I’m going to be really honest…
I don’t understand why so many gamers & mechanical keyboard enthusiasts hate clicky switches (including Cherry MX Blue, etc, etc).
There might be a few reasons that clicky switches aren’t the best for gaming…
But the answer is more nuanced than that!
So. Are blue switches good for gaming?
It all comes down to personal preference–what type of sound and feel do you like? Many gamers do NOT recommend using blue (clicky) switches due to the tactile bump (which could slow down your keypresses a fraction of a second), as well as the click sound (which could be come annoying after long play sessions).
Still–if you prefer the sound & feel of clicky switches, then blue switches can absolutely be fine for gaming!
As a gamer and keyboard nerd (I own 12+ different sets of clicky switches!), I’d like to bust some clicky switch myths below!
I personally LOVE gaming on my Kailh Box Jade clicky switches 😉
Let’s get into it.
What Are Clicky Switches? (Including Blue)
Clicky switches are a sub-type of tactile switches. There’s the tiny bump during the keypress (that helps your fingers “feel” when the switch is activated), but with a small audible “click.”
Common clicky switch colors are:
- Blue (generally lighter actuation)
- Green (generally heavier)
But of course, there are TONS of different types of clicky switches.
PRO TIP: There Are Two Types of Clicky Switches
However, there are two different types of clicking mechanisms found in clicky switches, which makes a HUGE difference in the way they sound and feel.
- Click Jacket – these switches feature a tiny “jacket” on the switch stem that makes the click. Cherry MX Blues, MX Greens.
- Click Bar – these switches have a separate metal bar that gives a MUCH heavier, crunchier click when you press the key down AND when it releases back up. Kailh Box Switches have click bars, like the Box Jades, Box Pinks, etc.
While the click jacket switches (like Cherry MX Blues) are generally lighter and faster (good for gaming), the click sound is high-pitched and quite annoying)!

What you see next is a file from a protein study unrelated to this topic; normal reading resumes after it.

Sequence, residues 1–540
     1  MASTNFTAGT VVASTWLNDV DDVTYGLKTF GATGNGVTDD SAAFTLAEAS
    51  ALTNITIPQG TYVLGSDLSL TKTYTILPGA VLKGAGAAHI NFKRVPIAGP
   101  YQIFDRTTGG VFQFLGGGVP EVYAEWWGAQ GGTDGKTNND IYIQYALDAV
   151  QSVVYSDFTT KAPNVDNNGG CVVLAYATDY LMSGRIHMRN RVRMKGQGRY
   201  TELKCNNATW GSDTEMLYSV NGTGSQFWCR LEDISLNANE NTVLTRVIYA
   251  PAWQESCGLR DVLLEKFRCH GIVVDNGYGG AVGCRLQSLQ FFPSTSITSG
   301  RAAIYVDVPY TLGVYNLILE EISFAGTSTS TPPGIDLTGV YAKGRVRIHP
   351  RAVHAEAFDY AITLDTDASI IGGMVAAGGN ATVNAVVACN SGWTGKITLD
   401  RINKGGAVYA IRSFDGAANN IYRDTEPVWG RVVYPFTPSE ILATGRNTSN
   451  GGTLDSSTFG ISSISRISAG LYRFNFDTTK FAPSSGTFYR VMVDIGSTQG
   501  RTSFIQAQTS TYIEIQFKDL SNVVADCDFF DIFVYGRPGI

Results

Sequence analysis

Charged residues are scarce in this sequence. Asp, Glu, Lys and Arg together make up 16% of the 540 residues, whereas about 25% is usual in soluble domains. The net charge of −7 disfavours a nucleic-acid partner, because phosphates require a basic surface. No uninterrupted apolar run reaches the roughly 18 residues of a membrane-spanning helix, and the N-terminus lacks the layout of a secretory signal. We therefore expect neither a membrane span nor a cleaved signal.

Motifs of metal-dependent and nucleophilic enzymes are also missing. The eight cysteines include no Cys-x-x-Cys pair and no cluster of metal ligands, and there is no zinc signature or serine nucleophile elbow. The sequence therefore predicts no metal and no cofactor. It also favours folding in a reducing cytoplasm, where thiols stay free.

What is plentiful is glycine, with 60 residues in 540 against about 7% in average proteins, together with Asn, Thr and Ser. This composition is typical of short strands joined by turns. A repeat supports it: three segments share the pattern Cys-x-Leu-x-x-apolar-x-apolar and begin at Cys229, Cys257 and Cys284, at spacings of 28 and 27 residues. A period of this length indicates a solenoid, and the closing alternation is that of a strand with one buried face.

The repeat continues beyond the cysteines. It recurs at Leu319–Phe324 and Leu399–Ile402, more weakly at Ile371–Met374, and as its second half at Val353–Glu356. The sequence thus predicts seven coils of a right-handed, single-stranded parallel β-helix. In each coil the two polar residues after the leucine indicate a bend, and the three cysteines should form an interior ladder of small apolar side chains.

99% of the mechanical keyboard community prefers the click bar switches like the Box Jades. They sound and feel much better and aren’t quite as annoying.
Click here to read our guide to the best clicky switches.
Why Are Clicky Switches Bad for Gaming?
There are two huge reasons why most gamers AVOID clicky switches for gaming:
First, the tactile bump found in both tactile & clicky switches does provide additional resistance on the keypress.
This could make it difficult to register keystrokes in certain, fast key-spamming games!
The bump is an obstacle on your finger’s journey to press the key in–so that should make sense.
When you’re after speed and accuracy, a tactile switch is going to give you a disadvantage.
Although there are actually “speed tactile” and “speed clicky” switches made just for gaming–I’ll share my favorites below!
Then there’s the sound.
Generally speaking, clicky switches, including blues, are some of the loudest switches out there.
The tactile bump provides a bit more of a “clack” sound than smooth, linear switches–PLUS the additional click.
If you’re playing a game where you need to press keys rapidly, the higher-pitched click sound can get annoying, really fast.
And not only to you–but to anybody nearby (or if your mic isn’t muted your entire team).
The Bottom Line: If you absolutely need to have precision for fast games, you’ll want to avoid clicky switches. If you find the click sound annoying, avoid them as well. However, if you don’t mind the sound and don’t need every millisecond to count–you can certainly use blue switches for gaming!
What Switch Color Is Best for Gaming?
Most gamers prefer linear switches for gaming.
Linear switches do NOT have the tactile bump during the keypress, and do NOT have any additional click sound mechanism. The keypress on linear switches is generally much smoother, and a tiny bit faster.
They’re generally quieter than tactile or clicky switches as well.
Some of the more popular switch colors for gaming include:
- Cherry MX Reds – a classic, light linear switch